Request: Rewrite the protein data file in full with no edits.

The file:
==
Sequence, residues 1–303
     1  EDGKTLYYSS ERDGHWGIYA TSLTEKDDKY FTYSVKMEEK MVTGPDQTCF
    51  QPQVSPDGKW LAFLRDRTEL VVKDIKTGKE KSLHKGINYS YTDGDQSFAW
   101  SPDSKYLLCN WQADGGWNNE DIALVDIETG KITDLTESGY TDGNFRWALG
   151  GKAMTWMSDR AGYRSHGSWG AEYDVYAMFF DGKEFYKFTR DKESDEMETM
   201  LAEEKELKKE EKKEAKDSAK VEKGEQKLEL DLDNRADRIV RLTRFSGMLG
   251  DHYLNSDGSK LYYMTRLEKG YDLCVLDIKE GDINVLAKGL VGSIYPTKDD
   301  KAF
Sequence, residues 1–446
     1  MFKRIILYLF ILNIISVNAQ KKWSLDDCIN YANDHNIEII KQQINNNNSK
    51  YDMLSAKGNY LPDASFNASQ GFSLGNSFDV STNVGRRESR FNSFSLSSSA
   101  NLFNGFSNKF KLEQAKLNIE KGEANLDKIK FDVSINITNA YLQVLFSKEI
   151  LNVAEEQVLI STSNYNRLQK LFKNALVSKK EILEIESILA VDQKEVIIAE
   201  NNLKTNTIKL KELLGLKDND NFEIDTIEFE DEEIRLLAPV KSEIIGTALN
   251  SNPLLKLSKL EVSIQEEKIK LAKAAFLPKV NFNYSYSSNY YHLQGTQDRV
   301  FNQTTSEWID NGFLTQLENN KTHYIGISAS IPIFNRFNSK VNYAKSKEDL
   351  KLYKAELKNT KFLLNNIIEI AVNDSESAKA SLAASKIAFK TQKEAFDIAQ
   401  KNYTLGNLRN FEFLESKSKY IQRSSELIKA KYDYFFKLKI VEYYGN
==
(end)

Sequence, residues 1–303
     1  EDGKTLYYSS ERDGHWGIYA TSLTEKDDKY FTYSVKMEEK MVTGPDQTCF
    51  QPQVSPDGKW LAFLRDRTEL VVKDIKTGKE KSLHKGINYS YTDGDQSFAW
   101  SPDSKYLLCN WQADGGWNNE DIALVDIETG KITDLTESGY TDGNFRWALG
   151  GKAMTWMSDR AGYRSHGSWG AEYDVYAMFF DGKEFYKFTR DKESDEMETM
   201  LAEEKELKKE EKKEAKDSAK VEKGEQKLEL DLDNRADRIV RLTRFSGMLG
   251  DHYLNSDGSK LYYMTRLEKG YDLCVLDIKE GDINVLAKGL VGSIYPTKDD
   301  KAF
Sequence, residues 1–446
     1  MFKRIILYLF ILNIISVNAQ KKWSLDDCIN YANDHNIEII KQQINNNNSK
    51  YDMLSAKGNY LPDASFNASQ GFSLGNSFDV STNVGRRESR FNSFSLSSSA
   101  NLFNGFSNKF KLEQAKLNIE KGEANLDKIK FDVSINITNA YLQVLFSKEI
   151  LNVAEEQVLI STSNYNRLQK LFKNALVSKK EILEIESILA VDQKEVIIAE
   201  NNLKTNTIKL KELLGLKDND NFEIDTIEFE DEEIRLLAPV KSEIIGTALN
   251  SNPLLKLSKL EVSIQEEKIK LAKAAFLPKV NFNYSYSSNY YHLQGTQDRV
   301  FNQTTSEWID NGFLTQLENN KTHYIGISAS IPIFNRFNSK VNYAKSKEDL
   351  KLYKAELKNT KFLLNNIIEI AVNDSESAKA SLAASKIAFK TQKEAFDIAQ
   401  KNYTLGNLRN FEFLESKSKY IQRSSELIKA KYDYFFKLKI VEYYGN